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Today in Christian History
Jan Hus, Czech reformer, is burned at the stake in Constance, Germany for "heresy." He had been outspoken in his appeals for church reform and for political and religious rights for the common people.
As friends arrive for dinner, Luther feels an intense buzzing in his left ear and goes to lie down, when suddenly he calls, "Water … or I'll die!" Afterward he experiences bouts of depression. To combat them, he will eventually write the famous hymn "A Mighty Fortress Is Our God."
English Catholic theologian Thomas More was beheaded for refusing to recognize Henry VIII as supreme head of the Church of England, which had just broken with the Roman Catholic Church.
Death of the Protestant king Edward VI of England, which results in the declaration of Lady Jane Grey as queen, a position she holds only a few days before the Catholic Mary Tudor ascends the throne.
Birth of William McKendree, colonial American church leader. In 1808 he was ordained the first American-born bishop of the Methodist Episcopal Church.
Death of Granville Sharp. He had contested slavery and won an important ruling that no person could remain a slave upon English soil. Sharp was also a Bible scholar who established an important rule for translating a particular Greek construction.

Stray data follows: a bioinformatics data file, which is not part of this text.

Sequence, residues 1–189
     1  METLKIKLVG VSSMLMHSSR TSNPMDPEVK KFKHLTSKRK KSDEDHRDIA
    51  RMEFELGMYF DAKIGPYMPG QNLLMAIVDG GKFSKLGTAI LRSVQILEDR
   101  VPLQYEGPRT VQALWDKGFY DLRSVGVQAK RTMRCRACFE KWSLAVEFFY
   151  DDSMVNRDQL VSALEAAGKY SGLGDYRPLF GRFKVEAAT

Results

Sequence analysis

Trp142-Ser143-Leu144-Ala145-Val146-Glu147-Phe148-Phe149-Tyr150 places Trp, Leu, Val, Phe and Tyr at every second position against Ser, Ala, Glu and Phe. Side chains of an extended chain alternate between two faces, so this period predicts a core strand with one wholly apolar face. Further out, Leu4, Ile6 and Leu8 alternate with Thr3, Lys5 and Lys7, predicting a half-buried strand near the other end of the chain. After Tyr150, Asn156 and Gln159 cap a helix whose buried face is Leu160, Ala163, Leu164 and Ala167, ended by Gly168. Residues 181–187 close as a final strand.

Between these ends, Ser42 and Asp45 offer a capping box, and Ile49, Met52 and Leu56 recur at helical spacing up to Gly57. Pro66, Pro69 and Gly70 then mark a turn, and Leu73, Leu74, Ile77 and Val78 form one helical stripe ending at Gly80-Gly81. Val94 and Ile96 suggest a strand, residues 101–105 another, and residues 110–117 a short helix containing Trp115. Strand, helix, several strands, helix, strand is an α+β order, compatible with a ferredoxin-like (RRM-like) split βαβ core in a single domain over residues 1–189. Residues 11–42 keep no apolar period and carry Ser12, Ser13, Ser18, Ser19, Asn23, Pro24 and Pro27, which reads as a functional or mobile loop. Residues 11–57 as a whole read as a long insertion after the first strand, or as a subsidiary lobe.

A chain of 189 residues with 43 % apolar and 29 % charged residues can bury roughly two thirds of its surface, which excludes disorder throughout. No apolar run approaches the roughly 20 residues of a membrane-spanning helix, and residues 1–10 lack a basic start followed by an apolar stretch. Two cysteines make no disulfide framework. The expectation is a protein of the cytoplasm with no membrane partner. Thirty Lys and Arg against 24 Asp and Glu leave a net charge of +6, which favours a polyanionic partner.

Birth of John H. Sammis, American Presbyterian clergyman and author of the hymn, 'Trust and Obey.'
James Stewart sails from Southhampton, England, to South Africa on the Celt. In South Africa he will found an important training center for African Christians.
English Bible expositor Arthur W. Pink observed in a letter: 'It is those who walk the closest with God who are most conscious of their sins.'
Death of Kidana-Wald Kefle, an Orthodox Ethiopian scholar who devoted his life to learning, including writing a commentary on Ezekiel and compiling a Ge'ez-Amharic dictionary, a Hebrew-Ge'ez dictionary, and other works.
© 1987-2020, William D. Blake. Portions used by permission of the author, from "Almanac of the Christian Church"